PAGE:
To answer the question, ‘What are manufacturers’ guarantees worth?’ then John Lewis has proven that they add more than a perceptional value to business; they add a tangible value in terms of sales revenue and bottom line results.
Consumers now, more than ever, demand that retailers stand by the products that they sell and their expectations have never been so high. With this in mind, the retailer who can offer a guarantee to the end user (which comes to them free as part of their supply chain) is very astute.
It minimises their own risk, reassures the end user that they will stand by the product, as part of their supply chain, and it adds value to their business in monetary terms.
We often wonder whether our guarantee would be given more attention, by the retailer and end user, if we charged for it, but as part of the brand’s B2B and B2C offering, we’ll continue to offer it for free but raise the awareness of it in stores. This is proof that, on occasion, you can get something for nothing in terms of adding value to your business!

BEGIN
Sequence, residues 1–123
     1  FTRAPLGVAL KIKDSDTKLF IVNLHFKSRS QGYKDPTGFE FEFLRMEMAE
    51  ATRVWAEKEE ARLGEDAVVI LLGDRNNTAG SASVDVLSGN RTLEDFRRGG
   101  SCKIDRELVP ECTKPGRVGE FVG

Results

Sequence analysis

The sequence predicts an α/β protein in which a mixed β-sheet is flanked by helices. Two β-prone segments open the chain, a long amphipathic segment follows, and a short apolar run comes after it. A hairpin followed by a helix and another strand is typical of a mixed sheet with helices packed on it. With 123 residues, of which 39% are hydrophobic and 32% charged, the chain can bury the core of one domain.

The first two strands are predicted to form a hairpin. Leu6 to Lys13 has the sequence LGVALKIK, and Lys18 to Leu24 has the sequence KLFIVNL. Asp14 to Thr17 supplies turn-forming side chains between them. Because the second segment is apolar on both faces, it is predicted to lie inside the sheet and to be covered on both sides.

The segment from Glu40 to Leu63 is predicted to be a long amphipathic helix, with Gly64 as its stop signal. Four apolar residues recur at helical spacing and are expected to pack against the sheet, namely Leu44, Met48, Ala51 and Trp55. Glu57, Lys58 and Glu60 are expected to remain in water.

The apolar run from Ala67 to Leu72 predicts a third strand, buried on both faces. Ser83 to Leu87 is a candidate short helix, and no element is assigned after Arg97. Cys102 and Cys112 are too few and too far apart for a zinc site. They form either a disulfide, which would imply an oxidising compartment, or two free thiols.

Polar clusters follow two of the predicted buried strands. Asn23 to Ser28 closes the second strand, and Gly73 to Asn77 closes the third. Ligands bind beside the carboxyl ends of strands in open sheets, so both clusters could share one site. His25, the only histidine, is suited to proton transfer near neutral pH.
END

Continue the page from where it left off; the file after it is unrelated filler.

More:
The editor of CFJ comments: In addition to the above article from Alex Davidson, retailers and other UK purchasers of wood flooring should be aware of China’s record of fuelling the illicit timber trade buying cheap wood flooring and other wood products from neighbouring countries and turning a blind eye to its origin. China’s disregard for illegal logging is well documented by London based Environmental Investigation Agency. The EIA accuses China of having become the number one importer of illegal wood products. Illegal logging causes deforestation and threatens biodiversity, emits carbon, impoverishes local communities, and is often coupled with other crimes.

This article has been reproduced from the Contract Flooring Journal. You can find them at